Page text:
Drones have been getting a lot of love from agencies, businesses, and general consumers lately, with people applying them to all types of jobs and entertainment. But like most modern technologies, today's drones have an annoying Achilles heel: You have to recharge them periodically at a ground-based outlet or swap their batteries to keep them from doing a pretty ungraceful face plant into the ground. But developers could soon have a drone ready to go that can charge wirelessly while still in the air.

The breakthrough

Scientists from Imperial College London modified an off-the-shelf quadcopter, placing a copper foil ring around its casing to serve as a receiving antenna. They then developed a transmitter or base unit, connecting a circuit board to a power source and electronics. As electricity runs through a coil within the base unit, the base unit produces a magnetic field. When the drone is placed within close proximity to the base unit, the magnetic field interacts with the receiving antenna, generating an electrical current.

This process, known as inductive coupling, isn't new -- it was pioneered in the 1890s by inventor Nikola Tesla. It's already being used for devices you enjoy, such as electric toothbrushes and smartphones, and developers even are working on cars that can charge using the concept. And other companies are working on how to power drones in the air, too--Boeing, for example, was awarded a patent for a tether-based charging system. But up until now, nobody's been able to create a tether-free, truly wireless drone that can hover while charging. If perfected, the wireless, charge-in-air models would enable you to apply the devices to much more time-intensive jobs and fly over longer distances.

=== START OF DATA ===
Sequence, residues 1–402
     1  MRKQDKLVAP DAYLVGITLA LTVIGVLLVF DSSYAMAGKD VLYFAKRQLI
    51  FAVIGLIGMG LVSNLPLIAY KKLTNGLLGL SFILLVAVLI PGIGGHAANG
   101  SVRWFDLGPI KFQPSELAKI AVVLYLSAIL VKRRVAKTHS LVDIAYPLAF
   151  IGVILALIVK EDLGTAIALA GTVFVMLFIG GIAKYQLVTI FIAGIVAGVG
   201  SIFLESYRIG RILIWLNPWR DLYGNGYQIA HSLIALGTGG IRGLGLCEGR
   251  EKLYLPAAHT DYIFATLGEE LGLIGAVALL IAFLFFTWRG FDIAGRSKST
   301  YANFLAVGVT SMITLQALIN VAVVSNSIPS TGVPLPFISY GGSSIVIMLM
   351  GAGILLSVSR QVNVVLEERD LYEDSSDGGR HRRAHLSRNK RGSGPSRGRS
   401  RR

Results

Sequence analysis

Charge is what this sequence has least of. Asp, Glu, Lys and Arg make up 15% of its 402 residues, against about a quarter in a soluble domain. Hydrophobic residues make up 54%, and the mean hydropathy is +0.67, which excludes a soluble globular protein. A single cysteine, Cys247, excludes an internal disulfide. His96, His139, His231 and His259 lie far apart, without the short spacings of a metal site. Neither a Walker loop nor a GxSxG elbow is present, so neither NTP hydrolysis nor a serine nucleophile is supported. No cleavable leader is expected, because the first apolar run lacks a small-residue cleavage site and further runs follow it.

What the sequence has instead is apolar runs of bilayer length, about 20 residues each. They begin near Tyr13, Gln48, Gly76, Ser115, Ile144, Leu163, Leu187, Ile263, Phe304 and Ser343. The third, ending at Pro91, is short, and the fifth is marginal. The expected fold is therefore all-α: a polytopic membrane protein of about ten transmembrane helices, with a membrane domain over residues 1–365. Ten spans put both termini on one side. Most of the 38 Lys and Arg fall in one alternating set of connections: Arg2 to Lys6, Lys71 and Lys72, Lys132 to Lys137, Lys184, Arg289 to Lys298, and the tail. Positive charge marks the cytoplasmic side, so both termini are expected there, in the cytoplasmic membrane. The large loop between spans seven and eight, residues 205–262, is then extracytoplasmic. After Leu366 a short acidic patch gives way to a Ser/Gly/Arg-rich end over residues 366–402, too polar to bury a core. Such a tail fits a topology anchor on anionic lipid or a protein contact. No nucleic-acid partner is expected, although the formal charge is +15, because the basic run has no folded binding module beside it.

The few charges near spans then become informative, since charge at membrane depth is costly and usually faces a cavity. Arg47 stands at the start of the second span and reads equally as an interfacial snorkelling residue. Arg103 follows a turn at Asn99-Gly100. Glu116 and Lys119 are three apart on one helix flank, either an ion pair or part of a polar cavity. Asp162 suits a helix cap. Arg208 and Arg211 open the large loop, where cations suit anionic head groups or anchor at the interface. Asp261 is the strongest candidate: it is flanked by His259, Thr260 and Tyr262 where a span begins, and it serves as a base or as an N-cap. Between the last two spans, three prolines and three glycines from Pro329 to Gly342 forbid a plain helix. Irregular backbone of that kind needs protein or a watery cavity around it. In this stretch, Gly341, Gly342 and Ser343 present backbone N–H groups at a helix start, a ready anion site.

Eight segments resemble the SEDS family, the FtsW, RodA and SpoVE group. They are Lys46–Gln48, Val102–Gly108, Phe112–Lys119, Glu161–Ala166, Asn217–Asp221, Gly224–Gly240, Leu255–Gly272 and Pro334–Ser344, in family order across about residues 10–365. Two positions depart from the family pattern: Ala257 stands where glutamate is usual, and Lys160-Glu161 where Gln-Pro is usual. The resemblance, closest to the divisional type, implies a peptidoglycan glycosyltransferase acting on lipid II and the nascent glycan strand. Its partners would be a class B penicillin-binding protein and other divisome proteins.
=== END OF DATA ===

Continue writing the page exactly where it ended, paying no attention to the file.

How your business could benefit

Researchers point out that, if a drone can charge in the air, the devices become more practical for space exploration or military missions. But the implications are big for general businesses, too. For example, major companies like Amazon already are looking into drone delivery for their products, working closely with the Federal Aviation Administration (FFA) to develop clear guidelines for commercial drone operation and safety. Drones that can recharge and stay in the air indefinitely could decrease expenses for businesses, getting products to people faster. Additionally, charging bases along a given route would enable companies to use drones over a wider delivery area, potentially increasing their customer base. Outside of delivery, businesses could use the drones to further expedite work in situations where human navigation or work is unsafe or unpractical.

There's still work to do

In-air charging for drones is about a year away from being commercially viable, according to the scientists who developed the new model. Within that time, researchers still have a lot of work to do. The distance the current can travel through inductive coupling depends on coil diameter and the number of times you wind it, so right now, the experimental drones have to stay very close to the base units. Tapping into resonance frequencies might solve this conundrum, as it can amplify the range of the inducted current. Even after scientists address this issue, they still have to make sure that they've taken good safety precautions. Researchers still are conducting rigorous studies due to concerns about the health implications of exposure to magnetic fields.

Drone technology constantly is evolving in terms of how people apply it. With this new approach, you soon might see drones doing much more work for a variety of businesses. Keep an eye on the improvements to decide whether including these types of drones could give your own company a boost.